- store things where you would naturally use them - you never lose your toothbrush because it's so easy to put back in its right place
- the least accessible storage areas (loft etc) should be used for the rarest used items, the most accessible for the most frequently used items.
- start by organising/clearing your least accessible storage, and work through to your most accessible. As you go you are clearing space that can then be filled with stuff moved "backwards" from the next wave.

MaybeDoctor Wed 09-Mar-16 22:48:58

I have found ebay quite good. Almost anything will sell. You just need to go to the post office once a week.

coffeeisnectar Wed 09-Mar-16 22:57:11

Plastic boxes with clip on lids are brilliant for storage. If your dd has a bed with space underneath then buy some to store things she's not quite ready to part with and slide under there out of the way.

What sort of things are you worried about parting with? We had a massive clear out when we moved and found doing one set of drawers or cupboard at a time worked well.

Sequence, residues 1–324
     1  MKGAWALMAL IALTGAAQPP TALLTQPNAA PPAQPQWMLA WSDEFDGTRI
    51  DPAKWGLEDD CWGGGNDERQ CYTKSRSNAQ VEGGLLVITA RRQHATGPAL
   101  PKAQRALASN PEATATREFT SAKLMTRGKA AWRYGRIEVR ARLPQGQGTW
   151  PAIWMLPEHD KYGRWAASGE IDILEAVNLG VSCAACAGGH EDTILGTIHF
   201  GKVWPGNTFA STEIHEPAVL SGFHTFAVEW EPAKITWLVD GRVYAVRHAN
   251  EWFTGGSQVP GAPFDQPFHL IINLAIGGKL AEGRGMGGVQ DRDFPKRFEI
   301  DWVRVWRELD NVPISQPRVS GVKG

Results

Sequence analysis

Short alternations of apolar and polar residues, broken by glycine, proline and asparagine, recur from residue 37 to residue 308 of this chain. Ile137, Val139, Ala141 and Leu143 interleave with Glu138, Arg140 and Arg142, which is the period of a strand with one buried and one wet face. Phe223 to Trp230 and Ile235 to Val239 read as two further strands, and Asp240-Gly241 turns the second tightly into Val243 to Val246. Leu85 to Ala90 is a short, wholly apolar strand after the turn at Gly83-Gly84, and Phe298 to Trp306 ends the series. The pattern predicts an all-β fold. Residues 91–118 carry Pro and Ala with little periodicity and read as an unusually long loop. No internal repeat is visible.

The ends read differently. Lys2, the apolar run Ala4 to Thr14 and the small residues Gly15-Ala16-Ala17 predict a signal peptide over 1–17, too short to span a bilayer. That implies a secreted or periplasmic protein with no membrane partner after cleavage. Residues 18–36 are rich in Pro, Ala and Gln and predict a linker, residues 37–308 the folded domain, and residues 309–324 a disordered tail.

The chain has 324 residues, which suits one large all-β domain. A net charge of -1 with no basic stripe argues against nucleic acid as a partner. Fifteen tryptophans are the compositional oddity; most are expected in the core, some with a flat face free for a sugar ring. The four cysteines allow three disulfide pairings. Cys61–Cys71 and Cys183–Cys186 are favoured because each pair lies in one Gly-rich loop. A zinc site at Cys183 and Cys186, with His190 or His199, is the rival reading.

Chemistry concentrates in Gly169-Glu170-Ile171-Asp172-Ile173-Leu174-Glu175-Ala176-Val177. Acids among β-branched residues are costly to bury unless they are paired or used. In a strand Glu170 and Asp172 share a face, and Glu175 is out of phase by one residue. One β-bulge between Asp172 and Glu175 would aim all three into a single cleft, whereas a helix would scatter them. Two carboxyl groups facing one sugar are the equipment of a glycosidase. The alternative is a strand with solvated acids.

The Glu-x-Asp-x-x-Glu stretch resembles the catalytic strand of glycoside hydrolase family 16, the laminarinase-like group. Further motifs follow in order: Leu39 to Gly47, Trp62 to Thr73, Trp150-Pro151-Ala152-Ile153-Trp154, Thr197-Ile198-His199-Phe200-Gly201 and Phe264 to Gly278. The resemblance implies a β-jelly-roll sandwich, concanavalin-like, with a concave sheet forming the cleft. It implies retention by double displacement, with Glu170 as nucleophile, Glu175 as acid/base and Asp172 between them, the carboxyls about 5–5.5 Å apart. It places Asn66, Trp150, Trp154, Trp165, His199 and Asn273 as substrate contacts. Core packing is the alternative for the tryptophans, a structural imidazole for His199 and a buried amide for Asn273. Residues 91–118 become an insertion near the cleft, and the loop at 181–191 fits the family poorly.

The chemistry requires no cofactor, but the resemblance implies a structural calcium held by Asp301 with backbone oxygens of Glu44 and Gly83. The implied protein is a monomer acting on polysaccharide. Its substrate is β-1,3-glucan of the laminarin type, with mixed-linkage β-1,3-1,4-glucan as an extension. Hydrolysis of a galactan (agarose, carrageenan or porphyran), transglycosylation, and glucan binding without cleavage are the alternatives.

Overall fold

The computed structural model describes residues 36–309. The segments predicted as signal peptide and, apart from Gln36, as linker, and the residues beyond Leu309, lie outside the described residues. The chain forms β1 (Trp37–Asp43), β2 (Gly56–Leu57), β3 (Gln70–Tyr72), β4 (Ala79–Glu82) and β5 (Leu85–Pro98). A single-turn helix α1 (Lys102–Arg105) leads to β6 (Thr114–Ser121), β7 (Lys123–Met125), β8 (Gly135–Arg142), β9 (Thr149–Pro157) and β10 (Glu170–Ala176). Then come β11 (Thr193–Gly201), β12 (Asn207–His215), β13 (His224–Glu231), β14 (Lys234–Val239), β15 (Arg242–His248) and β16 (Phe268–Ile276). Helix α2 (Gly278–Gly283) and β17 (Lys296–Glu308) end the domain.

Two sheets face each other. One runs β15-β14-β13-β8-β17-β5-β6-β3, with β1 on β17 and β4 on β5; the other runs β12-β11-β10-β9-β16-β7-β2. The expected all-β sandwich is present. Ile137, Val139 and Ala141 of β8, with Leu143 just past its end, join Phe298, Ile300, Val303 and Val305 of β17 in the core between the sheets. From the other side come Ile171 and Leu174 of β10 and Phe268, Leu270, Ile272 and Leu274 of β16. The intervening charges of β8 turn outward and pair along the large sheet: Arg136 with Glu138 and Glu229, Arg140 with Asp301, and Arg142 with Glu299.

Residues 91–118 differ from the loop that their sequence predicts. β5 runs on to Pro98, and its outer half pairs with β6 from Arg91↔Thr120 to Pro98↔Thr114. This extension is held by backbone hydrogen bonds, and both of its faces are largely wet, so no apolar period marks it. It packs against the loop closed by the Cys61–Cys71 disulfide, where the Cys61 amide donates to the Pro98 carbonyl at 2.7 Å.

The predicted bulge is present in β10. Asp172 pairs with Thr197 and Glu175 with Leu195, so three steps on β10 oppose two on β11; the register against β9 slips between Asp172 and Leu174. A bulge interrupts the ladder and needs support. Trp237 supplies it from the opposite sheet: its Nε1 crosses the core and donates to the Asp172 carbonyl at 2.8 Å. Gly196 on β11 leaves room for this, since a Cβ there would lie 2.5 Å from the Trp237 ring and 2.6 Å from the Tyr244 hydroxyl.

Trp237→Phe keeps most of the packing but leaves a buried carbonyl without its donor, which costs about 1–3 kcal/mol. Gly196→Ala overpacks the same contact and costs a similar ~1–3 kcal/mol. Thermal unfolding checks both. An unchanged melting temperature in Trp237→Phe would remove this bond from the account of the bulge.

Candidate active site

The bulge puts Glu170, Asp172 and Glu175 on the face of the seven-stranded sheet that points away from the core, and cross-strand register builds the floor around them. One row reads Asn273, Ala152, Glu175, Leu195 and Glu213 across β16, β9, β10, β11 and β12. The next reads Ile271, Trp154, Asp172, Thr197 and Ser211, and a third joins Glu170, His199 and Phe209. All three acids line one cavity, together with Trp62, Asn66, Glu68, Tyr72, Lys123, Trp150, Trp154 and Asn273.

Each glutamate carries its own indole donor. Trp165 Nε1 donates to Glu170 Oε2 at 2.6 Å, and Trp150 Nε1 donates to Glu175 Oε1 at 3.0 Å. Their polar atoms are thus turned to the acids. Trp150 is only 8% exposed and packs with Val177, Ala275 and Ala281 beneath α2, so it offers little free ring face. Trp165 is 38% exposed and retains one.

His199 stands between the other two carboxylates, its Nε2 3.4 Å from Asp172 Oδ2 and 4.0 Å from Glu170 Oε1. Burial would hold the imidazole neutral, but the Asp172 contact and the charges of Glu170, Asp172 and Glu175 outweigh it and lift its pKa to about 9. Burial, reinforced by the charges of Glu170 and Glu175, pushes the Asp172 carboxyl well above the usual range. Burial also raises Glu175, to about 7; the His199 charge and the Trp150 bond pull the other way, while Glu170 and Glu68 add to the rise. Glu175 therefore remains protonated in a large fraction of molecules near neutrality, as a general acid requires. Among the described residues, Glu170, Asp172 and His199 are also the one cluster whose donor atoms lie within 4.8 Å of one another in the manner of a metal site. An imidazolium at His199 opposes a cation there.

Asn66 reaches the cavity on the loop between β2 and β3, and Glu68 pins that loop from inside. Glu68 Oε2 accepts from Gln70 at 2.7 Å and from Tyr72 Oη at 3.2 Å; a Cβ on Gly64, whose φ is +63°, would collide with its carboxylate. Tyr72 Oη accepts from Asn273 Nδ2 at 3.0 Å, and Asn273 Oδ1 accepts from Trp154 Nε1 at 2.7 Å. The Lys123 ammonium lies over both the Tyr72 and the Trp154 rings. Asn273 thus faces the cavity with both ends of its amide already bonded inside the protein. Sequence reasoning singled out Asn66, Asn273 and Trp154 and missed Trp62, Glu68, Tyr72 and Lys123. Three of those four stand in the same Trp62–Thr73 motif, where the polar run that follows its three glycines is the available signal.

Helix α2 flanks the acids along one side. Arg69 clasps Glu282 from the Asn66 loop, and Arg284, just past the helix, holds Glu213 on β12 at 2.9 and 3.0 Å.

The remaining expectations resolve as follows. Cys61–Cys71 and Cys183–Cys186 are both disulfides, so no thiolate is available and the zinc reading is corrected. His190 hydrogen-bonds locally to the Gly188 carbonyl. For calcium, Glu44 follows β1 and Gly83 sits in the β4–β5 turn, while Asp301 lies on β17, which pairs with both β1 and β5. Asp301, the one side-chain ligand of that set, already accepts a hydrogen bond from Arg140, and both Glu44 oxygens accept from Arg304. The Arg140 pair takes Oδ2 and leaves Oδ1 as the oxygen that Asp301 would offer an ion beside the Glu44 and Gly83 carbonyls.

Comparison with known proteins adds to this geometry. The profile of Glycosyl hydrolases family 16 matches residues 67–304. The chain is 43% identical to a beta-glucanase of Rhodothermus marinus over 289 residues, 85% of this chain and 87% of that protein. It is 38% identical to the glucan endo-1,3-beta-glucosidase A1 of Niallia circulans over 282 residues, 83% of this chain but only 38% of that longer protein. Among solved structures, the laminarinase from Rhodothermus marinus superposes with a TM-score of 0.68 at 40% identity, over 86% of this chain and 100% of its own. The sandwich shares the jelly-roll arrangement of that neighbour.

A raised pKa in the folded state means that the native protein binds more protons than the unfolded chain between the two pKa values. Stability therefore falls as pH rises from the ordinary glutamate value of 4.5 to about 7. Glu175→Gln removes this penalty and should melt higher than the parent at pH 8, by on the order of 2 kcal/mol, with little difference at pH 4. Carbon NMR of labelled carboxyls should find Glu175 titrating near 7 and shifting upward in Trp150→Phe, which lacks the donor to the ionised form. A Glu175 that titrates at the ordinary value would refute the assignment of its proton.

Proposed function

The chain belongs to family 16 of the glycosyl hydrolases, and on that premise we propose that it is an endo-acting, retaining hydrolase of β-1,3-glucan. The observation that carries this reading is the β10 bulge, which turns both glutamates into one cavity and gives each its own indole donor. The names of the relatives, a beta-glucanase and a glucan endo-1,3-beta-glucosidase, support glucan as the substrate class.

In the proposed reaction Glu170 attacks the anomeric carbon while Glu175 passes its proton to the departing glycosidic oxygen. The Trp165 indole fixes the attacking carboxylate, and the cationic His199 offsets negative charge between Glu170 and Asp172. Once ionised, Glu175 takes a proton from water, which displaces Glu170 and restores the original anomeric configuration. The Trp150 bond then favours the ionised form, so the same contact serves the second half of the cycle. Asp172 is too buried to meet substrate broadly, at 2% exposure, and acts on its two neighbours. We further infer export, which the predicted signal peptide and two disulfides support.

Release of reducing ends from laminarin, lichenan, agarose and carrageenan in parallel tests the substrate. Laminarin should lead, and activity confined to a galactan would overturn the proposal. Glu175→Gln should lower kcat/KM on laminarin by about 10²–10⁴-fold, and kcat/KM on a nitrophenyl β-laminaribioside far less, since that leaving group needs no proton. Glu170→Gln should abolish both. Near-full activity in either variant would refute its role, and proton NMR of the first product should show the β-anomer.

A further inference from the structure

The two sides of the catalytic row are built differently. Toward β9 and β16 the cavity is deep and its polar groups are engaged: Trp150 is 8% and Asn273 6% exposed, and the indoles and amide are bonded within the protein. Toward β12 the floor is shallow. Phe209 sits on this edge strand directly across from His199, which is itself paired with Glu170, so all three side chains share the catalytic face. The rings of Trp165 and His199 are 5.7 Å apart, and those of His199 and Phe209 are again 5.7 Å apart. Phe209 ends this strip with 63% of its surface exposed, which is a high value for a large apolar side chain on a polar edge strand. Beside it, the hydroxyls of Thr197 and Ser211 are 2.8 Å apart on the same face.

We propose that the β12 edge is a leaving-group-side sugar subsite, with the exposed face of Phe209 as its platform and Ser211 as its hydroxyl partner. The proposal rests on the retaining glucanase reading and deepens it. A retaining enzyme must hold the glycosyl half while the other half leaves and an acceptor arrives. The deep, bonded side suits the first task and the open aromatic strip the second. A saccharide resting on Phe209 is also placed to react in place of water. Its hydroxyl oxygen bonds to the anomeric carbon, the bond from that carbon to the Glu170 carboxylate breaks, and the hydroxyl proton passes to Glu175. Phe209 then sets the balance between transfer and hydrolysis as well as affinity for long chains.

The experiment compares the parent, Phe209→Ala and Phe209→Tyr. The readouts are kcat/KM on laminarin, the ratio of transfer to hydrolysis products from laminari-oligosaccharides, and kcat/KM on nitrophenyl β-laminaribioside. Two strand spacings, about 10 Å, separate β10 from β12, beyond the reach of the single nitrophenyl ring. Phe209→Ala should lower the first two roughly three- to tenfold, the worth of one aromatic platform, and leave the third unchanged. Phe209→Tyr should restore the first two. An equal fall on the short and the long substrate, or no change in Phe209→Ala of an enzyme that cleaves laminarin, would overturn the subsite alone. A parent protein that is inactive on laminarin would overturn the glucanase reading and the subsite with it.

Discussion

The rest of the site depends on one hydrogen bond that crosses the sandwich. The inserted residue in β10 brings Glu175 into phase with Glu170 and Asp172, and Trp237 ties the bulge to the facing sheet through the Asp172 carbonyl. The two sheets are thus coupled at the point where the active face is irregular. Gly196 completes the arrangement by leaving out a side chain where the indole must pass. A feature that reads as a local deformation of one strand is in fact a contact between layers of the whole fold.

Baconyum Wed 09-Mar-16 23:12:39

My weight fluctuates and I'm heavier at the moment, so I suspect I'd be inclined to get rid of my smaller clothes, but then I always lose weight in the summer and would end up replacing. Also I can be ugh I've not used that in ages... About jewellery and accessories and again end up replacing them.

Dd already has storage under her bed but it's not enough.

We're going to change how her wardrobe is set up, she has HMS and co-ordination difficulties and so hangers are just too difficult for her to use so I'm thinking to get those canvas hanging shelves instead for her to use. The shoe rack she's currently using isn't great either. Any alternative ideas welcome. Her coat rack is also problematic as its too high but rented flat so needs to be over door style. She's also starting to build up quite a stock of male up, beauty and hair products being a teen but is resistant to my ideas for organising.

My room I need to declutter the wardrobe, figure out where to put my accessories and jewellery, the living room is an admin black hole! I worry about throwing out 'official' papers in case I need them. Especially with regard to benefits and dealings with CSA (ex has been messing them/us about), and medical letters. I never know how long to keep things! Also hobbies and crafting, I'm loathe to throw this stuff out as its expensive to replace but I find it awkward to store (I covet a proper table height pretty craft box with storage specifically designed for my crafts but can't afford).

Who's the toothbrush principle lady? Sounds logical which appeals.

Thanks all for replies so far.

Baconyum Wed 09-Mar-16 23:13:24

EBay won't accept my bank card/account no idea why!